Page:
By Hilary Russ
Law360, New York (July 28, 2011) — K&L Gates LLP argued Thursday that a bankruptcy judge in New York shouldn’t block the firm from seeking confidential documents pertaining to a settlement between bankrupt Teligent Inc. and its former CEO, which the firm says are key to defending against malpractice allegations.
The document dispute touches on related proceedings in other courts, creating a jurisdictional quandary that U.S. Bankruptcy Judge Stuart M. Bernstein will have to address, said the firm at Thursday’s hearing.
The feud stems from the 2001 bankruptcy of telecommunications company Teligent when former CEO Alex Mandl left the company just before it went bankrupt.
At the time, he still owed Teligent $12 million on a $15 million loan he took out under his employment agreement. Mandl said that under the terms of the agreement, he did not have to repay the money.
But after the company’s reorganization plan was confirmed, Savage & Associates PC, the representative for a trust for unsecured creditors, launched hundreds of avoidance actions in bankruptcy court — including one against Mandl — to recover the funds. Mandl, who was represented by K&L, lost at trial.
Mandl got new lawyers from Greenberg Traurig LLP, filed post-judgment motions and resumed court-mandated mediation with Savage. The parties reached a deal calling for Mandl to hand over $6 million to the trust. The deal also directed Mandl to sue K&L in Washington superior court for malpractice and to give Savage half of any proceeds.
Since then, K&L has been trying in Washington court to get access to confidential information from the mediation discussions between Mandl and Savage. K&L says the documents could show some kind of collusion or fraud between the parties.
The discovery issue previously made it all the way up to the Second Circuit, which ruled in early May that K&L had not shown exactly why it needed the secret information.
However, the Second Circuit did find that the firm merely failed to show a compelling need for all mediation documents. Since that ruling, K&L has asked the Washington court for precise categories of documents, said K&L’s attorney, Luba Shur of Williams & Connolly LLP, at the bankruptcy court hearing.
Representing her firm, Denise Savage said that with her motion to block discovery in state court, she was merely asking the bankruptcy court to enforce its own confidentiality order and that it should not be left up to the state court to interpret a federal court’s ruling.
“I don’t think it’s appropriate for a state court to do that,” she told Judge Bernstein.
Jurisdictional issues were also raised by Savage’s other request that Judge Bernstein enforce the portion of the bankruptcy court-ordered settlement agreement that pertains to the proceeds of the malpractice suit.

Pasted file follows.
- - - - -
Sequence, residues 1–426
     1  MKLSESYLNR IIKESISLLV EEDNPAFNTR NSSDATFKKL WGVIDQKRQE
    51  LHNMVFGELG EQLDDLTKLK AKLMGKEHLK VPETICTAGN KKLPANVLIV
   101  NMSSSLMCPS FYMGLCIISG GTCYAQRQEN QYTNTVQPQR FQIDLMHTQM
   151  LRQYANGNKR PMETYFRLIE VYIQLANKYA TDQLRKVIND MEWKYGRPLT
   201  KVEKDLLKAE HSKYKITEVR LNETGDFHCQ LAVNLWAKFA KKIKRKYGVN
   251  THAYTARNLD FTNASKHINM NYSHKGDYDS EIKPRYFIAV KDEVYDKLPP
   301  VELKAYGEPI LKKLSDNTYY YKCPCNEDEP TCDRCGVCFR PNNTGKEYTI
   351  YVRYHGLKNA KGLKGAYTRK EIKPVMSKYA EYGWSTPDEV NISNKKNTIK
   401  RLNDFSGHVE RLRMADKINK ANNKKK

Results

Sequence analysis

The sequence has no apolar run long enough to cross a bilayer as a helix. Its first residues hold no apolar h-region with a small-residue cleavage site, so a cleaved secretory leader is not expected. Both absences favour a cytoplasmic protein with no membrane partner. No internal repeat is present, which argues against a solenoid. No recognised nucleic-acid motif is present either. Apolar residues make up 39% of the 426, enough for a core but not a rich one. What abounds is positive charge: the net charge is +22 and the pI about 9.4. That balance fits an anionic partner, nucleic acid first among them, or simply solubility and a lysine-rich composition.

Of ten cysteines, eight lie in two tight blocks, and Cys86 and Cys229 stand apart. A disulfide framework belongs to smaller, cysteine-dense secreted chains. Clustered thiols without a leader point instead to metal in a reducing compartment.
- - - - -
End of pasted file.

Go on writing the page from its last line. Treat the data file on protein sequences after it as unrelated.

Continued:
Savage said the deal was done, consummated and was valid, and that she wanted the bankruptcy court to protect it against K&L’s attempt to dismantle it in the Washington case.
“We would like a ruling regarding our rights with the D.C. proceeds,” she told Judge Bernstein.
But Shur argued that there was “absolutely no precedent” for a federal bankruptcy court to become entangled in a common law tort case in such a manner.
“What Ms. Savage is asking is truly radical,” Shur said, claiming that Savage essentially wanted a bankruptcy judge to adjudicate a portion of a Washington case to which Savage was not even a party.
Shur also said one of several arguments K&L intended to make going forward in the malpractice suit was that the entire case should be thrown out because of improper proceedings.
“I’m not before the D.C. court. I’m before this court,” Savage shot back.
While Savage was not part of the malpractice suit, she said she should be able to appear there in order to protect her rights. And while K&L was not actually a party to the adversary case between Savage and Mandl in bankruptcy court, the firm was a major player at Thursday’s hearing.
This is the final case to be resolved in wrapping up the decade-old Teligent bankruptcy. At least $20 million has already been gathered to distribute to the creditors, but the outcome of the malpractice case could contribute to that amount significantly, attorneys involved in the case have previously said.
Bernstein said he would issue a ruling in the future.
“Next time write shorter briefs,” he told the attorneys.
Denise L. Savage of Savage & Associates PC represents her firm.
Luba Shur, Michael S. Sundermeyer and Mark S. Levinstein of Williams & Connolly LLP represent K&L Gates LLP.
Adam J. Lamb represents Mandl.
The adversary case is Savage & Associates PC et al. v. Alex Mandl, case number 1:03-ap-02523, in the U.S. Bankruptcy Court for the Southern District of New York.
The bankruptcy is In re. Teligent Inc. et al., case number 1:01-bk-12974, in the same court.
–Additional reporting by Christie Smythe and Ian Thoms. Editing by Eydie Cubarrubia.